By Emilie St. John
INGLEWOOD — With the year’s legislative session over, Assemblywoman Tina McKinnor has 11 bills headed to the desk of Gov. Gavin Newsom for signature.
“When you have clear progressive values, prioritize the needs of people and and have an amazing team, this is what happens,” McKinnor said in a statement. “I am so proud of these 11 bills that passed the California Legislature and are on their way to Governor Newsom. Our progressive movement is just getting started.”
McKinnor’s bills address faith-based organizations’ ability to build affordable housing on their land, student-athlete safety, prescription drug flavoring for children, microfiber filters in washing machines and the one closest to her heart — Assembly Bill 1 — which authorizes the unionization of legislative staff.
McKinnor is a former staffer having worked in the offices of state Sen. Steve Bradford and former Assemblywoman Autumn Burke, prior to being elected to complete the term of Burke in 2022, and said the bill will affect nearly 2,000 workers in the state’s Capitol.
“The passage of AB 1 is extremely personal for me,” McKinnor said. “As a former legislative staffer myself and an original signer of the ‘We Said Enough’ letter that started the #MeToo movement, I know what a challenging work environment the California Legislature can be.
“AB 1 will give non-supervisorial legislative staff a needed and essential voice to build a safe and inclusive workplace. I welcome the legislative staff’s partnership in the years ahead to build a work culture that attracts and retains California’s best to build a noble career in public service.”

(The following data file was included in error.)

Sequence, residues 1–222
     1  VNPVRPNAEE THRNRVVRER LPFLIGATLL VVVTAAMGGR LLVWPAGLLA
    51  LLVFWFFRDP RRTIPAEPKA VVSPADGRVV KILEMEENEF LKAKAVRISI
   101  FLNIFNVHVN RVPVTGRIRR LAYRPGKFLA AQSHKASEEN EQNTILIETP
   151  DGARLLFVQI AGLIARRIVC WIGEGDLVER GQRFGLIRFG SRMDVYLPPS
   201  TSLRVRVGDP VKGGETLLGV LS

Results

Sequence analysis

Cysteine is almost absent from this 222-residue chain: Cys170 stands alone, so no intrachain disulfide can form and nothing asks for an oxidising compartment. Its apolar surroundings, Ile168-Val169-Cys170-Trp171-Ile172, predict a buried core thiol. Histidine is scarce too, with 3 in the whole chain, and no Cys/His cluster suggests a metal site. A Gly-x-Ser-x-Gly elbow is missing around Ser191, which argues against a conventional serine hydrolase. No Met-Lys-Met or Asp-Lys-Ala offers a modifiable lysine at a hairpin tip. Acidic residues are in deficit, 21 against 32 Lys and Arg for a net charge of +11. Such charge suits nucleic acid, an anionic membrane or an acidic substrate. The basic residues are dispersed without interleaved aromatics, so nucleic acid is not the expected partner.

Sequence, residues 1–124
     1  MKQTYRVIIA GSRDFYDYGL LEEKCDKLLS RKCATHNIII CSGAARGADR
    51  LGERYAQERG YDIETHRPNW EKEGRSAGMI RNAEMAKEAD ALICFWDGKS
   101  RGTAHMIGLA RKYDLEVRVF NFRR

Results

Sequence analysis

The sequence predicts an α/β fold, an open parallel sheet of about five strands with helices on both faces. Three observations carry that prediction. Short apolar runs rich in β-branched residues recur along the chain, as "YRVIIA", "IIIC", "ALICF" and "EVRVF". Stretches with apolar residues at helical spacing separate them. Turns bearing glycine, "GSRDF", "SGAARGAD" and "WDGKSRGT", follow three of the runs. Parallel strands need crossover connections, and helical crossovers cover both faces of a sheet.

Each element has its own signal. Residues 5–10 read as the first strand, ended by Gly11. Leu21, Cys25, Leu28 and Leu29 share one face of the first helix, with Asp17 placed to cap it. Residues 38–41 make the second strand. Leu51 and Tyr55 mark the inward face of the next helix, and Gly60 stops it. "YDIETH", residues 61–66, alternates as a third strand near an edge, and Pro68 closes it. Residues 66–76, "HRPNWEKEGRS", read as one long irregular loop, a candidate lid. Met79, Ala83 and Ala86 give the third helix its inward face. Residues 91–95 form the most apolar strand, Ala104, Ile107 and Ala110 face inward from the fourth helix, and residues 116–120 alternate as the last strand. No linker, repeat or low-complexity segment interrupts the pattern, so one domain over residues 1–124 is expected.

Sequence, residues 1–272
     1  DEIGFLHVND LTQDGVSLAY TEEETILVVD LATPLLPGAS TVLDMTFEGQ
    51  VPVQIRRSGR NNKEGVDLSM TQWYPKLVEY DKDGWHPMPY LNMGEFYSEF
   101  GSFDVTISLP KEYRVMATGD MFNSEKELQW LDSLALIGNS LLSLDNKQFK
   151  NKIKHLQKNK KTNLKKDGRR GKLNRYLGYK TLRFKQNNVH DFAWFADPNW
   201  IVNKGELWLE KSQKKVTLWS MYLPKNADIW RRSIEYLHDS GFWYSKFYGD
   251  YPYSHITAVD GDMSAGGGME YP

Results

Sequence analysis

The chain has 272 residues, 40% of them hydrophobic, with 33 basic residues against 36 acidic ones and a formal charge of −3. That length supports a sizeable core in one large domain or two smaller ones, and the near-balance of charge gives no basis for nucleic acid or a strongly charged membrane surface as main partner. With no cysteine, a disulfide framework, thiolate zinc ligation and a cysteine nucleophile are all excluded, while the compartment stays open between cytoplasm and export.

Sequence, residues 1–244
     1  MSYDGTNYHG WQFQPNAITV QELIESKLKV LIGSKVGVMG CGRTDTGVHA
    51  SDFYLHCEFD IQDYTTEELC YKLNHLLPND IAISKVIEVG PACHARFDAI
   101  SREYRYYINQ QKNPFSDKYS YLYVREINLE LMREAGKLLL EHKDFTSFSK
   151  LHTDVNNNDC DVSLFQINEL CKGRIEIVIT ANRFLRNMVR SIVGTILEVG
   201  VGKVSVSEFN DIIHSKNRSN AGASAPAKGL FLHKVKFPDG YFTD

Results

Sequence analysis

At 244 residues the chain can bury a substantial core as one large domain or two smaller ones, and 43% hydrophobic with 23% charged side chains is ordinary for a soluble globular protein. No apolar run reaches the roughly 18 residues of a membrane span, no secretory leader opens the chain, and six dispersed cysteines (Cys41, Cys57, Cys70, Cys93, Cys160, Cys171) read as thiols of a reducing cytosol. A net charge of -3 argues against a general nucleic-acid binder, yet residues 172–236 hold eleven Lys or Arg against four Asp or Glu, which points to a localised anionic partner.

AB 1 passed by a 61-5 vote in the Assembly, which followed the state Senate’s 30-3 approval of the measure Sept. 12, which would give employees the choice to form a union and collectively bargain for wages, benefits and working conditions, regardless of political affiliation.
Under AB 1, the Senate Rules Committee, the Assembly Rules Committee or the Joint Legislative Rules Committee (the administrative offices of the Legislature) would establish procedures to implement the collective bargaining process with the employees’ chosen union. Wages and benefits would be negotiated within the budgetary restrictions approved by voters through Proposition 140.
While the state Legislature commonly considers laws affecting public and private employees in California, the Legislature itself remains the only branch of state government that does not allow its employees to have the choice to unionize. Legislative staff serve as at-will employees that are exempt from state civil service laws and denied the right to collectively bargain for wages, benefits and working conditions.
This has led to generations of legislative employees being subject to low and inequitable pay and subject to hostile work environments with no recourse other than being forced to seek employment outside of the Legislature.
Emilie St. John is a freelance journalist covering the areas of Carson, Compton, Inglewood and Willowbrook. Send tips to her at email@example.com.